Resize, Reassess, Restructure, Relief

Downsizing. No, upsizing.  No.  I’m not really sure.  How about resizing?  Yes, I have resized my vehicle.  After 10 years of driving the same model car – an Acura TL – I have changed to a new vehicle.  It is a new 2010 Mazda MX-5.  I’ve been driving it for a week and I’ve had substantial time to reflect on the change on a micro- and macro-level.  Going from a midsize, near-luxury sedan to a roadster is a pretty radical change.  Most people add a roadster as a weekend car; I made it my only car.  I had some logical reasoning going into the purchase, and post-purchase, I’ve affirmed these beliefs and realized others.


To begin, I simply wasn’t happy with my Acura.  It had been purchased used and had the same transmission problem as my previous one.  The “buying it used” part had a big effect on me.  I never felt the car was really mine.  I never had any emotional attachment to it – not like the first Acura, which I had bought new.  So buying new was the only option for me.  I felt that I wanted to be back in love with my car.

Looking at the vast choice of cars available, I was very uninspired with all the sedans.  Even the sport coupes didn’t appeal to me.  The thing that annoyed me the most was bulk and waste.  I’ve hated SUV’s and trucks for a very long time.  I’ve recently been on a simplification plan – downsizing and minimizing my footprint.  Becoming a motorcycle rider helped with that.  It’s simple, no-frills, no-baggage transportation.  Looking at sedans, there’s two extra doors and an entire back seat area that will rarely, if ever, get used except to collect and haul crap.  The two seat roadster was the answer.  Of the available roadsters, of which there are very few, I didn’t want to deal with the cost of maintaining a BMW or Audi.  Like I’ve said to others, “I could get a Z or a TT, but I like my money, too.”  So the MX-5 was the answer.

So I satisfied my need for minimalism and initial-ownership.  The roadster choice also fulfilled my need to enjoy driving again.  With my massive commute in a bulky, heavy sedan, I had begun to despise driving.  It was a chore.  And I had to drive sensibly to save gas because my commute was so far.  Riding the motorcycle was a totally different experience.  The small engine meant I could go faster and ride harder without worrying about wasting gas.  The light weight and general “bike-ness” meant I could handle it harder.  The open air experience was unmatched.  In the last few weeks of owning the TL, I drove everywhere with all the windows down and sunroof open.  It was ok, but a convertible is a totally different experience, for the better.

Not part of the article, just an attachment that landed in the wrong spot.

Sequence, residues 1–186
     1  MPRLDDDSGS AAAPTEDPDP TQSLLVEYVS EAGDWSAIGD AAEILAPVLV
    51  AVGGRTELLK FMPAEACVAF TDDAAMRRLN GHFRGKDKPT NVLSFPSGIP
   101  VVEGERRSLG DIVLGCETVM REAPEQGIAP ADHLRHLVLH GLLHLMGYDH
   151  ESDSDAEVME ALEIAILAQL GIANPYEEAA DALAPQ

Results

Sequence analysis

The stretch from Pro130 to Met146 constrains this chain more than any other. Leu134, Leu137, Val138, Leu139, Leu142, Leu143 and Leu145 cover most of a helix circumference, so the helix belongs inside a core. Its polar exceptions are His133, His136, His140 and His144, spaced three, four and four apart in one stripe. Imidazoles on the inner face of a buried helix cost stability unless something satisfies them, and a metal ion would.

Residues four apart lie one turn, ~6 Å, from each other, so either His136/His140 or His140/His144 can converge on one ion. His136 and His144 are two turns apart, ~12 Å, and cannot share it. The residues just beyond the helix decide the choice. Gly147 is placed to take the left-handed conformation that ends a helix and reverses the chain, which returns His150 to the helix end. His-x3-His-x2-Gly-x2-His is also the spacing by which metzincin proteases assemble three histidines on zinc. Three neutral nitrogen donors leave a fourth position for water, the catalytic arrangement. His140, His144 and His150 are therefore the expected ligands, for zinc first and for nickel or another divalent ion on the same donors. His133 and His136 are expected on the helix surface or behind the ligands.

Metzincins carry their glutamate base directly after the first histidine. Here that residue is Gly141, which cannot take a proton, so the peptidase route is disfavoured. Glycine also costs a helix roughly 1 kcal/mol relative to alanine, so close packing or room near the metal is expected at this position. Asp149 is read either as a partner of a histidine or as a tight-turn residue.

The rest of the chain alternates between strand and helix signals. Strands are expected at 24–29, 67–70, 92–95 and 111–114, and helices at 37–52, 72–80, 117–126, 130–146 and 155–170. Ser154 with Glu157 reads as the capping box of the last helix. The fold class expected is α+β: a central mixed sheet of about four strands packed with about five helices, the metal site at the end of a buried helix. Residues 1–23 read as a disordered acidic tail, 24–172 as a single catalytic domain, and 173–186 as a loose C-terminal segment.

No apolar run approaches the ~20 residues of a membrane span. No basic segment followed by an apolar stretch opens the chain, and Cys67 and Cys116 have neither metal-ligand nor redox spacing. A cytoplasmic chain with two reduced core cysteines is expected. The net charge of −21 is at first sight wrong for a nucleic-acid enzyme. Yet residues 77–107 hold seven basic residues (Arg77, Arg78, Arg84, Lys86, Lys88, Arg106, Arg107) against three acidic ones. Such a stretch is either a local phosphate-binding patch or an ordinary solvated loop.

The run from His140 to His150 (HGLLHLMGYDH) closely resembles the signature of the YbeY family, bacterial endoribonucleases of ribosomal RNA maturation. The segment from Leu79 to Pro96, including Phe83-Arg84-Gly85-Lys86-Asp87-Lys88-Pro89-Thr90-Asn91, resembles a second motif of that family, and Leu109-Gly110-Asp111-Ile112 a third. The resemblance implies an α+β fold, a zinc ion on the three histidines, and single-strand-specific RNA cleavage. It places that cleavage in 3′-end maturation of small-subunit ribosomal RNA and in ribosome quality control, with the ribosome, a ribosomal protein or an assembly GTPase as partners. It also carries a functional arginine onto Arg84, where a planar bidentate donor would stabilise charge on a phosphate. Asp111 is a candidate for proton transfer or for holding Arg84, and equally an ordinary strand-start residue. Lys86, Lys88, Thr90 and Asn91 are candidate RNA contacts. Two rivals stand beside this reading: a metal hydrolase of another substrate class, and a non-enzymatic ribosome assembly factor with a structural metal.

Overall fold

So when I bought the MX-5, I was a little freaked out.  The windshield view is tiny and I wasn’t completely prepared for it.  It took a few days to feel comfortable with the car and then I could relax and understand my feelings in this new car.  One thing that came into my head was an article I had read about people buying large houses.  The article said that people don’t really feel comfortable in large open spaces.  I applied that to my new-found comfort in my purpose-built driving cockpit.  Everything is close at hand.  It made sense.  Then I thought of when I had my first Acura and I bought a cheap beater car: a Toyota Celica.  The Celica was crappy in many ways, but I honestly think I liked it more than the Acura.  Maybe because it was smaller and had a more sports-car atmosphere?  Possible.

I think the TL was supposed to be my “all-grown-up” car.  I had “made it” professionally, I was living on my own, and this was the next step.  Grow up, be an adult, get a responsible car.  I never considered that I didn’t have to follow the recommended path.  So with the MX-5, I feel more like my old self.  And that can’t be a bad thing.

And now that I’m here, the term “mid-life crisis” means something different.  When you’re younger, it’s a joke.  To see some middle-aged person acting like a teenager again seems dumb.  They’re supposed to act their age.  But when you get to “mid-life” yourself, you find yourself evaluating your life so far.  You may discover you haven’t taken the time to have fun, maybe you’ve gotten wrapped up in work and chasing status and collecting “stuff”.  You look around, see all the stuff you have, and while it’s nice to have, it’s also a pain to have.

“I’d love to have a dozen cars!”  Really, no, you wouldn’t.  You have to store, insure, license, maintain, and wash all those cars.  “I wish I had a house with a few extra rooms.”  No, you have to heat, cool, clean, furnish, and pay taxes on that extra square footage.  People ask me how I’m going to get anything home in my tiny new car.  First, if I’m buying more stuff than can fit in the car, I’m buying too much stuff.  Second, if it’s too big to fit in the car, I should have it delivered.  Third, if it can’t be delivered, I call Enterprise and rent a bigger car for a day.  The likelihood that I would end up at the final choice is very slim.  Buying a bigger car enables bad choices like buying too much stuff.  I can’t take a bunch of crap with me because there’s no room in the car.  If I have trash, it comes out right away, there’s nowhere to put it in the car.

Less is truly more.

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